REVIEW:

Arguably the most popular villain in the world of Disney is Maleficent, from Sleeping Beauty, although I personally rank her behind Jafar, from Aladdin. Continuing with the trend of reminaging fairy tales as darker stories and giving us the tale we all know, but with a little more back story on the villain, as made popular by the Broadway musical, Wicked, Maleficent aims to humanize the evil fairy, but does it succeed?

What is this about?

Turning the classic fairy tale “Sleeping Beauty” on its head, this fantasy drama retells the story from the point of view of evil godmother Maleficent. While defending her homeland from invaders, the young Maleficent is dealt a cruel blow by fate.

What did I like?

Casting. When you look at the animated version of Maleficent and think of anyone that could possibly bring her to life, the only logical person is Angelina Jolie. The only thing that had to be changed was some added angular cheekbones. I joked with a friend a little while ago that had this been made around the time of Wanted, they may not have even had to do that. Casting Jolie was not only good to bring people into the theater, but she also brought some real life to this character and seemed to genuinely be having fun with it, something that I don’t believe we’ve seen her do since the Tomb Raider movies, or at least Mr. & Mrs. Smith.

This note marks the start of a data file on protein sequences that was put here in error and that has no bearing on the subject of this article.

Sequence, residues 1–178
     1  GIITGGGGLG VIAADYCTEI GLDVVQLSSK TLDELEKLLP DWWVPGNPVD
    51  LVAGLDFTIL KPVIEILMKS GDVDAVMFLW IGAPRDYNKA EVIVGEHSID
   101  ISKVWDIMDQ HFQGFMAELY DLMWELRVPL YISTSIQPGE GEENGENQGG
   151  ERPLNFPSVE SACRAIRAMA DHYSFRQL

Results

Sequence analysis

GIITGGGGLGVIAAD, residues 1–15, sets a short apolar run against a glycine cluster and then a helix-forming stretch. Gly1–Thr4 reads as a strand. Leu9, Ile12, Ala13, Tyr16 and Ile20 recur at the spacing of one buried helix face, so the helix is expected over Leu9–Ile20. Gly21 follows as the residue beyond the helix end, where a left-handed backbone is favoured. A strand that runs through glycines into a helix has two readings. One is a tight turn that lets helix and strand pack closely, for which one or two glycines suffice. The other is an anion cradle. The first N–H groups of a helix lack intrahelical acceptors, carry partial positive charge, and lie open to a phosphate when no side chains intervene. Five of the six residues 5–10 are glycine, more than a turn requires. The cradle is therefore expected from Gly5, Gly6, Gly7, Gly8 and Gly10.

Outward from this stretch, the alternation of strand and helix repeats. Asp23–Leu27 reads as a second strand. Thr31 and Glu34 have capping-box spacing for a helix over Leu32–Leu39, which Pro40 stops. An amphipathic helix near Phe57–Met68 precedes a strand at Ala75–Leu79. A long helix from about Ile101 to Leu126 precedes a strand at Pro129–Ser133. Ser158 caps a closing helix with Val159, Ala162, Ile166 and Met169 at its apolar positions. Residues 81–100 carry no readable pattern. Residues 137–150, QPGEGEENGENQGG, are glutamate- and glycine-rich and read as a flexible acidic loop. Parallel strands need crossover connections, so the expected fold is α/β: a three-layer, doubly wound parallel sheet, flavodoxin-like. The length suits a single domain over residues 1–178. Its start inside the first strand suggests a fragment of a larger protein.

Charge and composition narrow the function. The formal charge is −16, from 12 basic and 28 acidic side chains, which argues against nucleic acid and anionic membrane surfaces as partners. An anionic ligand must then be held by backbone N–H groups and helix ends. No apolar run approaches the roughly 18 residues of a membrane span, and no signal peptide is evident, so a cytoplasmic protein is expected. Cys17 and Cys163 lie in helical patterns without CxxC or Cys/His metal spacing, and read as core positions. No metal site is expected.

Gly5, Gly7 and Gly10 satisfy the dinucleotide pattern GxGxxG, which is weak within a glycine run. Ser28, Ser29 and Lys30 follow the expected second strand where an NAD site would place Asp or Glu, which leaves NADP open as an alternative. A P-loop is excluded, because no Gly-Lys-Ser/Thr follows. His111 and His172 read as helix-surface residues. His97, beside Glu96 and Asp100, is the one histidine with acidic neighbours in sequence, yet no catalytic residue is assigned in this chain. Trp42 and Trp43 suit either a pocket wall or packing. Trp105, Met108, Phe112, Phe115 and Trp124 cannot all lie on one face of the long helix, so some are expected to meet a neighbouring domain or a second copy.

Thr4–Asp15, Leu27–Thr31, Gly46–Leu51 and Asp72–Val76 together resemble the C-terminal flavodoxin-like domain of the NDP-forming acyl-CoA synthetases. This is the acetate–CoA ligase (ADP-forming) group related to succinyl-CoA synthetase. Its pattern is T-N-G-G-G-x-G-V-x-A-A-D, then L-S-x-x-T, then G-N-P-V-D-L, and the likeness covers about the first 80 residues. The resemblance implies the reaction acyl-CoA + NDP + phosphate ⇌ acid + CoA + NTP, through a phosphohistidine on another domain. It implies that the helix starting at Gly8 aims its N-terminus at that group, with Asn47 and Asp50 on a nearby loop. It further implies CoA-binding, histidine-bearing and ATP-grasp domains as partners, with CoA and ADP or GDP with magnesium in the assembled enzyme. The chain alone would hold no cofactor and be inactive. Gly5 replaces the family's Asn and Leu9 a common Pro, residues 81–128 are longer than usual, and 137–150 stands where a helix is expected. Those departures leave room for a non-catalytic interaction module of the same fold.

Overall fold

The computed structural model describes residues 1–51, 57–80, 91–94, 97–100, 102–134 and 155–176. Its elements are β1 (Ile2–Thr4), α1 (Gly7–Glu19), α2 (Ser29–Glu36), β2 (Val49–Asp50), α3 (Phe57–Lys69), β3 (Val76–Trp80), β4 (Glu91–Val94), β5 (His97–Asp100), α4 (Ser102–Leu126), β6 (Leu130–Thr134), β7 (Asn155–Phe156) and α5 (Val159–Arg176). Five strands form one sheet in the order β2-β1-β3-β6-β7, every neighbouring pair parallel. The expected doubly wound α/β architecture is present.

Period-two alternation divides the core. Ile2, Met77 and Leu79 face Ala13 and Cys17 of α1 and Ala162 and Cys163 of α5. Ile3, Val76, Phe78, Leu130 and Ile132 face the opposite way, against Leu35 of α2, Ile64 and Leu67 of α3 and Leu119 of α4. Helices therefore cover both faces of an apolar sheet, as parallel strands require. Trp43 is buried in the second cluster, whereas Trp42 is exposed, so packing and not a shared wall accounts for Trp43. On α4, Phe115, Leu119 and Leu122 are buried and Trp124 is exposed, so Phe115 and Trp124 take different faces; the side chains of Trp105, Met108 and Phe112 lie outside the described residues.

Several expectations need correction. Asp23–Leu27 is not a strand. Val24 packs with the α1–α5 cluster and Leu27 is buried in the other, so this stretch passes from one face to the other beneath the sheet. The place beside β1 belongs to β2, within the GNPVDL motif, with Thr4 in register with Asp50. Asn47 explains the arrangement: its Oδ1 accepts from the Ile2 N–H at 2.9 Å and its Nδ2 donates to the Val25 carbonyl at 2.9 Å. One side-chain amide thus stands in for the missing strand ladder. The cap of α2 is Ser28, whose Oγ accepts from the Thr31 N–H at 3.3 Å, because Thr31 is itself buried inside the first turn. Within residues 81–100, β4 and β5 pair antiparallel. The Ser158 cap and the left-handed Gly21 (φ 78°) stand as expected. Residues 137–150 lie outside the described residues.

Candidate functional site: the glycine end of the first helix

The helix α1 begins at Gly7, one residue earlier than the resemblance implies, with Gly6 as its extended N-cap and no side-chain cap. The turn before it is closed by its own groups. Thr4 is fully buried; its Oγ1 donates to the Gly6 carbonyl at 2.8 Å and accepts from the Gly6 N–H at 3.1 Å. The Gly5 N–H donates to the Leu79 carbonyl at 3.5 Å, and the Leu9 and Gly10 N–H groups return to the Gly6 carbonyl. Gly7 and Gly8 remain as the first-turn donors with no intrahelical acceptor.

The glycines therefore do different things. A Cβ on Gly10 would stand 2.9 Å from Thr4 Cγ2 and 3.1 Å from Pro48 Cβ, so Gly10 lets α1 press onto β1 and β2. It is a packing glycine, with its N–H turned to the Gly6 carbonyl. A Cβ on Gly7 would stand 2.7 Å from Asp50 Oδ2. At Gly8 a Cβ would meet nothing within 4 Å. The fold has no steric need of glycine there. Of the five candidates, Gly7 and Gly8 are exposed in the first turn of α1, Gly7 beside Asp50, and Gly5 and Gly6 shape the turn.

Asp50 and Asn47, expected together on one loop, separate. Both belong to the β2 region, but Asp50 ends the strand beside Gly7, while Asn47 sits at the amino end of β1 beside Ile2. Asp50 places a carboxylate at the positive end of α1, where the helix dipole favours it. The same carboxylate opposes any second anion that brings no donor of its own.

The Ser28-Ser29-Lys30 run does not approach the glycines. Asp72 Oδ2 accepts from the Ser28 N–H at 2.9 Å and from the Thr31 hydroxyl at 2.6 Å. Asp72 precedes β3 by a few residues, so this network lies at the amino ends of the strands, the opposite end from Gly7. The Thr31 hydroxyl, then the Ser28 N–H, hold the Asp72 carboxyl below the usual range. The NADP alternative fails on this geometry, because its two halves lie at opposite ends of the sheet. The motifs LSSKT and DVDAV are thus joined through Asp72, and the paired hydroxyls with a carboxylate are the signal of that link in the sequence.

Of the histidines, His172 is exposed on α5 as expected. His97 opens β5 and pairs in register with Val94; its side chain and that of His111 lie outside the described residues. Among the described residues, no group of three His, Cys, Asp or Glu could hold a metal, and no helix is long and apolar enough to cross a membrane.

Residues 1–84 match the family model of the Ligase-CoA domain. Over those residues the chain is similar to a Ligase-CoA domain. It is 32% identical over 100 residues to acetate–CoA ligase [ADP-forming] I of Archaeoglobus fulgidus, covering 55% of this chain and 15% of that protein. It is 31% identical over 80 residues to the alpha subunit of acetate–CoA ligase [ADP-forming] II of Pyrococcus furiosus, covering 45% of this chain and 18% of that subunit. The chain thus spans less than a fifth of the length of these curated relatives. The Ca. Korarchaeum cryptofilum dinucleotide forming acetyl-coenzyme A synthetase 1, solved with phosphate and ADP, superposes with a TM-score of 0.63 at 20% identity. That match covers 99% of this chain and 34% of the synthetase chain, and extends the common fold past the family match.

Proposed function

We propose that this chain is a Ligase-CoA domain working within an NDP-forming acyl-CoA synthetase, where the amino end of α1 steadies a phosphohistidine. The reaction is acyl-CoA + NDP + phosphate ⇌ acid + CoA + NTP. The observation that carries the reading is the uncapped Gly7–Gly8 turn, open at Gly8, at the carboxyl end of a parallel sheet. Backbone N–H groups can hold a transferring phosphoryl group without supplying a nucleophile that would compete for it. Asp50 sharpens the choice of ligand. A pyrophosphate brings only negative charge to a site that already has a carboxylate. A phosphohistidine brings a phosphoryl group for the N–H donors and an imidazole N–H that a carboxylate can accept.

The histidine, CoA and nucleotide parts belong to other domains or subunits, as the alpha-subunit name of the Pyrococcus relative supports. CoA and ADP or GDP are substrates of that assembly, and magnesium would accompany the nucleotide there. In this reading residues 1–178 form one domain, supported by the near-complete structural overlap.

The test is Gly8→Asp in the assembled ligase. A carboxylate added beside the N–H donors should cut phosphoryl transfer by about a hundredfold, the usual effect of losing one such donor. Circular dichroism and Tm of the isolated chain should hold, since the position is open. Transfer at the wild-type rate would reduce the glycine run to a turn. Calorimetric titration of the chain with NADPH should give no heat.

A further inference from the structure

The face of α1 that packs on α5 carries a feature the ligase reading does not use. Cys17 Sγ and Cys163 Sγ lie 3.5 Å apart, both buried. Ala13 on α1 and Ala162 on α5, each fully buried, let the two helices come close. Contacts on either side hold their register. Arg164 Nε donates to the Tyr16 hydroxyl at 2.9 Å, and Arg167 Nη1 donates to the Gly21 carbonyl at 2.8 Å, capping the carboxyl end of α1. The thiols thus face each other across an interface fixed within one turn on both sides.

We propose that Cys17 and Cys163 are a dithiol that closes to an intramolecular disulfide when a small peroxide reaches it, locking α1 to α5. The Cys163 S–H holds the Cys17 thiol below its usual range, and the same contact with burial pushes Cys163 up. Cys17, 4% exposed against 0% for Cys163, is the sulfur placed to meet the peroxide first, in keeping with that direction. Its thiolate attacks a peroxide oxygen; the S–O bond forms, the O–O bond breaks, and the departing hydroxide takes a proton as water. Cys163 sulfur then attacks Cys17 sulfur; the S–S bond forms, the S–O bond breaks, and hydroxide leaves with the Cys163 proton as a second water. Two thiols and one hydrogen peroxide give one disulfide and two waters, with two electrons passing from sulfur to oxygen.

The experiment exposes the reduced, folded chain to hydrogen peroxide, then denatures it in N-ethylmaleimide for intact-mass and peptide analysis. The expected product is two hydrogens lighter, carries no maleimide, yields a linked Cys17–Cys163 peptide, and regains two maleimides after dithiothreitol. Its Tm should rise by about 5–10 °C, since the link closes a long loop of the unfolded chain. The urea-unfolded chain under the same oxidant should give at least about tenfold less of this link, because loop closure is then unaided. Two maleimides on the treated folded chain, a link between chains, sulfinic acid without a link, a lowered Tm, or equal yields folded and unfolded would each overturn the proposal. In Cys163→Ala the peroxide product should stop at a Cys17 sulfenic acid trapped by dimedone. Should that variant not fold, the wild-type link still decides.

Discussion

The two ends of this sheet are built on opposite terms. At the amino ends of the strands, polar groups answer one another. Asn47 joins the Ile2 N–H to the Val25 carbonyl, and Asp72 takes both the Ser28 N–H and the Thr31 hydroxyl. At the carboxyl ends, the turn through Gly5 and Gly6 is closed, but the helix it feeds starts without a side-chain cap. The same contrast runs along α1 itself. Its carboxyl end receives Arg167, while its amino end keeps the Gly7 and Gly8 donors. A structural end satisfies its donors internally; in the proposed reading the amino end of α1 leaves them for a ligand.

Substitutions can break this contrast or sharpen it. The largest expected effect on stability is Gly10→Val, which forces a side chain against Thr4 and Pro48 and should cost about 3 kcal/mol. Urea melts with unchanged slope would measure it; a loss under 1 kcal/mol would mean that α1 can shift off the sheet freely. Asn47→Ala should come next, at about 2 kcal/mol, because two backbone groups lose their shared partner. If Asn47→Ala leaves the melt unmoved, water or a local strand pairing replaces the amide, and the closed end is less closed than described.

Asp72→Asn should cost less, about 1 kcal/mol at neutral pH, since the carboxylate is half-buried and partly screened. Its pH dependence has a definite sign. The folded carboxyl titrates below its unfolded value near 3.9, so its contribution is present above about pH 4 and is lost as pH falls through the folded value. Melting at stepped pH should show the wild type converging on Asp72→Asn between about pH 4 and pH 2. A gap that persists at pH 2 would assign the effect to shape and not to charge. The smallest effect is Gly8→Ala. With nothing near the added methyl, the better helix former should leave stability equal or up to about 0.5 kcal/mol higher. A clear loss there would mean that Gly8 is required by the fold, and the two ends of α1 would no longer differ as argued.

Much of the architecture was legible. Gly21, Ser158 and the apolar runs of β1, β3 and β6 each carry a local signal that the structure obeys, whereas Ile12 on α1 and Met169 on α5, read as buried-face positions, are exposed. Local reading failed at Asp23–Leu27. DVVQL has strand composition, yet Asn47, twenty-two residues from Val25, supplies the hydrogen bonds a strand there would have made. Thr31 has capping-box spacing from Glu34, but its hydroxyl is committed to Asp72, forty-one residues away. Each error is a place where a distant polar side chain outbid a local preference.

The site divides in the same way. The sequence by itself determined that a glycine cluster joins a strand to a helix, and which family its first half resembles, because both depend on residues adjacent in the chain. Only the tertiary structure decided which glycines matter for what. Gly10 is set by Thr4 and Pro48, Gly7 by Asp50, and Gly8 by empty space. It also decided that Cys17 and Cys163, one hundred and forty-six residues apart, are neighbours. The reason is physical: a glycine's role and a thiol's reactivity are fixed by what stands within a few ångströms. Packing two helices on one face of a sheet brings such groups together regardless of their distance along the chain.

History. When you reimagine a film, especially a true classic such as Sleeping Beauty, you better be sure to throw in some nods to the original. In some places, this film not only nods to the source material, but it recreates certain scenes, most notably the grand entrance of Maleficent where she curses Aurora. I was watching this and in the back of my mind remembering the animated version. Save for a couple of changes is wordplay, different hand gestures, and taking out the death pat of the curse, it was the exact same scene! How awesome is that?!?